14 October 2019, London
JFC statement in response to attacks on party headquarters of the Patriotic Union, the Communist Party and the FARC
JFC is extremely concerned at recent attacks on the Bogota offices of three political parties in the context of upcoming regional elections.
In the early hours of Friday 11 October, the joint headquarters of the Colombian Communist Party (PCC) and the Patriotic Union (UP), whose candidates are standing for election as part of the Colombia Humana coalition, was attacked with gunfire and an explosive device. A note was left by the assailants with the words “we are back”.
Shortly afterwards, the office of the People’s Alternative Revolutionary Force (FARC) was targeted with banners torn down and a hammer left at the premises together with a note with the same message.
These attacks are a clear attempt to intimidate and threaten political candidates, activists and members of left-wing parties in Colombia and insinuate a return to the most extreme periods of paramilitary violence.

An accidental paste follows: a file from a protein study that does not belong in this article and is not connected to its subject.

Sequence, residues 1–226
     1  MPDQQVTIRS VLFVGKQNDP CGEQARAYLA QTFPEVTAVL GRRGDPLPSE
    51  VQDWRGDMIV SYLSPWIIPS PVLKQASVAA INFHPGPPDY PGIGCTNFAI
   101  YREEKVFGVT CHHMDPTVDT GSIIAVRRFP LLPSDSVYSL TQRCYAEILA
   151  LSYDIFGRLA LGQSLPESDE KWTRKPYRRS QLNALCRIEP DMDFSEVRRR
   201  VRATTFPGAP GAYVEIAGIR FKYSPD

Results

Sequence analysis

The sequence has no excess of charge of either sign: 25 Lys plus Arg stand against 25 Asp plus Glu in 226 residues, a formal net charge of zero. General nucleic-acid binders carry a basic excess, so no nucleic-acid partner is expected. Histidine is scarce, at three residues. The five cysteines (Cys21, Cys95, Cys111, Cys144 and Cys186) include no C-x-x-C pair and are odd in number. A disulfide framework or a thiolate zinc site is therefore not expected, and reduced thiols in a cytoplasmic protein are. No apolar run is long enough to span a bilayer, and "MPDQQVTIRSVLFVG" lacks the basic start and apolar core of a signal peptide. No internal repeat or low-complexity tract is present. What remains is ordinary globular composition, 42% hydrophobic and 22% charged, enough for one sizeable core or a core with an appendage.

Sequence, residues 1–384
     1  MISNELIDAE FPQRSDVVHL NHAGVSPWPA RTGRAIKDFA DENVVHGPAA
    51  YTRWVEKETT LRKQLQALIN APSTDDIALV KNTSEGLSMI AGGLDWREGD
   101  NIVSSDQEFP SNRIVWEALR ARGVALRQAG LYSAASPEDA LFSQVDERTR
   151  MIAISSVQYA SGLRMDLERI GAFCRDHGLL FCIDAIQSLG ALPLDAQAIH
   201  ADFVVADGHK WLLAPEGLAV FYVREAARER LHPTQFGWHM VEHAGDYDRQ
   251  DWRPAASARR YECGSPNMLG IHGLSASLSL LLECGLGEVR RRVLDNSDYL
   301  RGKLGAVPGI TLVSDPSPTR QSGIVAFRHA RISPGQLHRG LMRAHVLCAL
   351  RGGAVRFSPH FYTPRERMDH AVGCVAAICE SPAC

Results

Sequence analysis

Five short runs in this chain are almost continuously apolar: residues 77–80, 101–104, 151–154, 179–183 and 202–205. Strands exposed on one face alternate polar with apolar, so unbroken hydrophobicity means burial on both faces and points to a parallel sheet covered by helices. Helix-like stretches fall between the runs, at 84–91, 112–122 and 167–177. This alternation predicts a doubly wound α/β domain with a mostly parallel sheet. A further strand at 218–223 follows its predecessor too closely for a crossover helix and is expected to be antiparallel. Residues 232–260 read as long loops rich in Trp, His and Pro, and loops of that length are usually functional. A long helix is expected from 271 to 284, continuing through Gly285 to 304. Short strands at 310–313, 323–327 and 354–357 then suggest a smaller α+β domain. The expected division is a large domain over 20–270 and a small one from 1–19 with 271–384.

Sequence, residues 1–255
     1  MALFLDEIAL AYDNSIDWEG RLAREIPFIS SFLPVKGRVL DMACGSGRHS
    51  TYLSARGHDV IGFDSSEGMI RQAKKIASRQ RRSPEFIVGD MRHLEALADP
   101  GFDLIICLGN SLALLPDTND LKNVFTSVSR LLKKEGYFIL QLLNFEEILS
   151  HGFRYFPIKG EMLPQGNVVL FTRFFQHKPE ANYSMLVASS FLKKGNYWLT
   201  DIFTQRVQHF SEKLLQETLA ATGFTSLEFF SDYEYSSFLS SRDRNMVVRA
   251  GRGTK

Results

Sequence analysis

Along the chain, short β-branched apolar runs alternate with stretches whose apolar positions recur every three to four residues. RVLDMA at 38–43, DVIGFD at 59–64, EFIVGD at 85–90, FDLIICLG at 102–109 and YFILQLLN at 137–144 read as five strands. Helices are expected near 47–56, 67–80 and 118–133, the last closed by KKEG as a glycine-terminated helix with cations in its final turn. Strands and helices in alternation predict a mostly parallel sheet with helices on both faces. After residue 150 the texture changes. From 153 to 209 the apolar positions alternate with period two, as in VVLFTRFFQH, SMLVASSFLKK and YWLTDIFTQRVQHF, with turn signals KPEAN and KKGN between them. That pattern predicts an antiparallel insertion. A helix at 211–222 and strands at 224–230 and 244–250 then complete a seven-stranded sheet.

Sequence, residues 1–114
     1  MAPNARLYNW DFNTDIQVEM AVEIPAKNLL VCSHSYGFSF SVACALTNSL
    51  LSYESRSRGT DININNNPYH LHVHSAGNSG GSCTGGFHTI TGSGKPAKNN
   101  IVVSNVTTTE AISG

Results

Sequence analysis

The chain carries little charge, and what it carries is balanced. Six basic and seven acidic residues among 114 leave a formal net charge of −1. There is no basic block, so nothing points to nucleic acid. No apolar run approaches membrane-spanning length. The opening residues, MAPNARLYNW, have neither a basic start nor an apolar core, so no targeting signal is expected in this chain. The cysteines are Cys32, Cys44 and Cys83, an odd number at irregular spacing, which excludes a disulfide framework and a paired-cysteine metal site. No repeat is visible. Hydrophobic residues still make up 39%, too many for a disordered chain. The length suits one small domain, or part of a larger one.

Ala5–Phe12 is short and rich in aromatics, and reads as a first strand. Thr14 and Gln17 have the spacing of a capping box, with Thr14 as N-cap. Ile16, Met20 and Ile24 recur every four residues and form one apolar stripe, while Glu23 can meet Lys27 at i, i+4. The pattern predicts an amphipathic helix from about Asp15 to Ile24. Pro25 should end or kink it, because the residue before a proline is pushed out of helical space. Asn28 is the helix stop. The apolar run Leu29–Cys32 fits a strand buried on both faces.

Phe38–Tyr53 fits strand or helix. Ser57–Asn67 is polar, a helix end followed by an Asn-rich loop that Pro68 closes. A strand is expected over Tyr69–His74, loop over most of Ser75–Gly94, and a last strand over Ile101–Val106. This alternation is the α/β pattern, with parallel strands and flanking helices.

After its formation in 1985, between 3,00 and 5,000 UP members and supporters, including council members, mayors and presidential candidates, were murdered over a ten-year period in what has been referred to by a Colombian court as a “political genocide”. In 2011 the Colombian state officially recognised its role in the genocide and the UP was relaunched as a political party in 2013.
The FARC party was founded in 2017 under the terms of the previous year’s peace agreement. According to the United Nations, 151 FARC members have been murdered since the signing of the agreement in November 2016. In its latest report on the peace process, the UN said that FARC security is being undermined by budget shortfalls, adding that ‘[n]o efforts should be spared to allocate resources’ to guarantee security for FARC members.
The peace process played an important role in the 2018 presidential election being Colombia’s most peaceful elections in decades. The increased violence in this campaign highlights the urgent need to implement greater security measures for candidates and activists and for the Colombian state to intensify its efforts to ensure full implementation of the peace agreement. Not only do these attacks threaten specific individuals and the capacity of progressive political parties to organise, they undermine the peace process and the very notion of Colombian democracy.